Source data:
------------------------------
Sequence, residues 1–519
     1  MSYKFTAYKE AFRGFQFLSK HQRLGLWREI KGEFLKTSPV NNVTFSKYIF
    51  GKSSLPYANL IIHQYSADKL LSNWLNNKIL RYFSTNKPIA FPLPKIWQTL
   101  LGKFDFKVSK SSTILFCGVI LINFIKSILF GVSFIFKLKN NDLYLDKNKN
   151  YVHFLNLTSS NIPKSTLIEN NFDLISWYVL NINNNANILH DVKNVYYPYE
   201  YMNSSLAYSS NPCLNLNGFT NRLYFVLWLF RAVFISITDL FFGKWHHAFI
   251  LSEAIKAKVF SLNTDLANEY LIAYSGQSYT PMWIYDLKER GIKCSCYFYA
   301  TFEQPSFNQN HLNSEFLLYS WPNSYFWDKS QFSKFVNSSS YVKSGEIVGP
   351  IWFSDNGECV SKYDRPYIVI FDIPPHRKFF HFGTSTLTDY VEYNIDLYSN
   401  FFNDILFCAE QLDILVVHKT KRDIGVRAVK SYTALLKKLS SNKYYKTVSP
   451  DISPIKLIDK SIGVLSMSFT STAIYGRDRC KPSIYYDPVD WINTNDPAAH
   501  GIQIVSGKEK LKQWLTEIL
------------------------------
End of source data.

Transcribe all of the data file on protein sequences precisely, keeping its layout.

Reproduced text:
Sequence, residues 1–519
     1  MSYKFTAYKE AFRGFQFLSK HQRLGLWREI KGEFLKTSPV NNVTFSKYIF
    51  GKSSLPYANL IIHQYSADKL LSNWLNNKIL RYFSTNKPIA FPLPKIWQTL
   101  LGKFDFKVSK SSTILFCGVI LINFIKSILF GVSFIFKLKN NDLYLDKNKN
   151  YVHFLNLTSS NIPKSTLIEN NFDLISWYVL NINNNANILH DVKNVYYPYE
   201  YMNSSLAYSS NPCLNLNGFT NRLYFVLWLF RAVFISITDL FFGKWHHAFI
   251  LSEAIKAKVF SLNTDLANEY LIAYSGQSYT PMWIYDLKER GIKCSCYFYA
   301  TFEQPSFNQN HLNSEFLLYS WPNSYFWDKS QFSKFVNSSS YVKSGEIVGP
   351  IWFSDNGECV SKYDRPYIVI FDIPPHRKFF HFGTSTLTDY VEYNIDLYSN
   401  FFNDILFCAE QLDILVVHKT KRDIGVRAVK SYTALLKKLS SNKYYKTVSP
   451  DISPIKLIDK SIGVLSMSFT STAIYGRDRC KPSIYYDPVD WINTNDPAAH
   501  GIQIVSGKEK LKQWLTEIL